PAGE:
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Journal of Animal Science - Animal Products

Predicting pork loin chop yield using carcass and loin characteristics

 

This article in JAS

  1. Vol. 94 No. 11, p. 4903-4910
     
    Received: May 06, 2016
    Accepted: Aug 17, 2016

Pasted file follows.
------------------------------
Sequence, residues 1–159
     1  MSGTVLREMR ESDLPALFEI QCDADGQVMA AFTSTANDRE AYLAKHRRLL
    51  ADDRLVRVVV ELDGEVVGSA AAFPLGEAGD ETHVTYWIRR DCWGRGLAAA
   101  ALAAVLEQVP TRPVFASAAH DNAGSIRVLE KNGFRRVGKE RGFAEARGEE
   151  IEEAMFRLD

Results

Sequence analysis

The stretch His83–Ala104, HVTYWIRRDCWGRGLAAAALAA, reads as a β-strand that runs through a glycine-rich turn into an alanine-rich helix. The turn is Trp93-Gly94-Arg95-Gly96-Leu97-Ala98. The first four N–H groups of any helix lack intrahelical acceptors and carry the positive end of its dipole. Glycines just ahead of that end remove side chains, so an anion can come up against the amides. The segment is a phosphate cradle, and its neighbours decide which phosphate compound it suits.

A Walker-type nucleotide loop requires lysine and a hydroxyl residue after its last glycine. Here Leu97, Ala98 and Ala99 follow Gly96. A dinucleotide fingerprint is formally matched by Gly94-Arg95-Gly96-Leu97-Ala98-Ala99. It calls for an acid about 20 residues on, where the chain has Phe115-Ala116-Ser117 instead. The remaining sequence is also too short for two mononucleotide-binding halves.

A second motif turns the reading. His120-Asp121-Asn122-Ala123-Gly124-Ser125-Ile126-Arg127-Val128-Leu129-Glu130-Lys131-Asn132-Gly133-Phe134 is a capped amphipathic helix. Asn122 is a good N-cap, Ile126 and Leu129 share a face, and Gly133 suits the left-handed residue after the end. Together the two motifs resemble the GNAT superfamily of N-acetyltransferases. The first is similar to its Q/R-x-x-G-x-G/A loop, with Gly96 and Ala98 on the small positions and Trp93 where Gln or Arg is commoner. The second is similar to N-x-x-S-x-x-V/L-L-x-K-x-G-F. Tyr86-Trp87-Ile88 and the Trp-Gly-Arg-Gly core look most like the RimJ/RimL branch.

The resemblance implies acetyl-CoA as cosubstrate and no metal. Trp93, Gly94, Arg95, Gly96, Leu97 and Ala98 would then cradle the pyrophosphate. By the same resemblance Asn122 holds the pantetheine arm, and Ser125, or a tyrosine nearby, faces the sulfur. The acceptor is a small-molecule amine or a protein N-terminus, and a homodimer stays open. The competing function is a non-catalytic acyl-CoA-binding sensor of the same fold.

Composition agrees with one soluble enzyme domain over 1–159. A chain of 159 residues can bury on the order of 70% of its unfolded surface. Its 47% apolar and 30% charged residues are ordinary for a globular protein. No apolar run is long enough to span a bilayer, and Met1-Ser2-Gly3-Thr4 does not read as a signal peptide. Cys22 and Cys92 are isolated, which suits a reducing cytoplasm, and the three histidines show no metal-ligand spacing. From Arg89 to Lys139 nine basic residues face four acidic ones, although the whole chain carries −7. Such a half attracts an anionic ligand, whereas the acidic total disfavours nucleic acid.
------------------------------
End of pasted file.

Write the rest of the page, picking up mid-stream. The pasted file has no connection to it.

Published: October 27, 2016


    1 Corresponding author(s): dboler2@illinois.edu
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doi:10.2527/jas.2016-0610
  1. K. B. Wilson*,
  2. M. F. Overholt*,
  3. E. K. Hogan*,
  4. C. Schwab,
  5. C. M. Shull,
  6. M. Ellis*,
  7. N. S. Grohmann*,
  8. A. C. Dilger* and
  9. D. D. Boler 1*
  1. * Department of Animal Sciences, University of Illinois, Urbana-Champaign 61801
     The Maschhoffs, Carlyle, IL 62231

Abstract